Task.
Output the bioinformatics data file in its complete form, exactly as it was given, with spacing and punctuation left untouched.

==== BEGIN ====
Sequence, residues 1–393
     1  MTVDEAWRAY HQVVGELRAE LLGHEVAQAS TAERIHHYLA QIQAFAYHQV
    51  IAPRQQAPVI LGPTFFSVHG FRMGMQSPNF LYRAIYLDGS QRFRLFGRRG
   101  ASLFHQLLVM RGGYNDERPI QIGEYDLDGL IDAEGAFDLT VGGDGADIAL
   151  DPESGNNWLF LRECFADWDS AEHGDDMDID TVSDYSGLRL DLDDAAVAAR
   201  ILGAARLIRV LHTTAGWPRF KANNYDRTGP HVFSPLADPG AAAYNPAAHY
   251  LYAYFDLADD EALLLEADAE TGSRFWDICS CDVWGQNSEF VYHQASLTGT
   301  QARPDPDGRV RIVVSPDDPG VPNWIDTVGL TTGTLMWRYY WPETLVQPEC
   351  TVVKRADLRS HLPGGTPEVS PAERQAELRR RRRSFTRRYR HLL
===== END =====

Sequence, residues 1–393
     1  MTVDEAWRAY HQVVGELRAE LLGHEVAQAS TAERIHHYLA QIQAFAYHQV
    51  IAPRQQAPVI LGPTFFSVHG FRMGMQSPNF LYRAIYLDGS QRFRLFGRRG
   101  ASLFHQLLVM RGGYNDERPI QIGEYDLDGL IDAEGAFDLT VGGDGADIAL
   151  DPESGNNWLF LRECFADWDS AEHGDDMDID TVSDYSGLRL DLDDAAVAAR
   201  ILGAARLIRV LHTTAGWPRF KANNYDRTGP HVFSPLADPG AAAYNPAAHY
   251  LYAYFDLADD EALLLEADAE TGSRFWDICS CDVWGQNSEF VYHQASLTGT
   301  QARPDPDGRV RIVVSPDDPG VPNWIDTVGL TTGTLMWRYY WPETLVQPEC
   351  TVVKRADLRS HLPGGTPEVS PAERQAELRR RRRSFTRRYR HLL